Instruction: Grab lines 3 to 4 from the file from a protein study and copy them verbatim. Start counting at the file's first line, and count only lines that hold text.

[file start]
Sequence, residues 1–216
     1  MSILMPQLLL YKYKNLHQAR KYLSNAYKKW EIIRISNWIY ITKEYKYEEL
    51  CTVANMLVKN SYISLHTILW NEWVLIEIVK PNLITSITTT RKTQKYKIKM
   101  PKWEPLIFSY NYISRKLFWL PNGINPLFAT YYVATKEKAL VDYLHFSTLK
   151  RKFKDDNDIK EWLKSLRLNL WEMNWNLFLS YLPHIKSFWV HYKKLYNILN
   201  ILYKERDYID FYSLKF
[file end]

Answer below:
    51  CTVANMLVKN SYISLHTILW NEWVLIEIVK PNLITSITTT RKTQKYKIKM
   101  PKWEPLIFSY NYISRKLFWL PNGINPLFAT YYVATKEKAL VDYLHFSTLK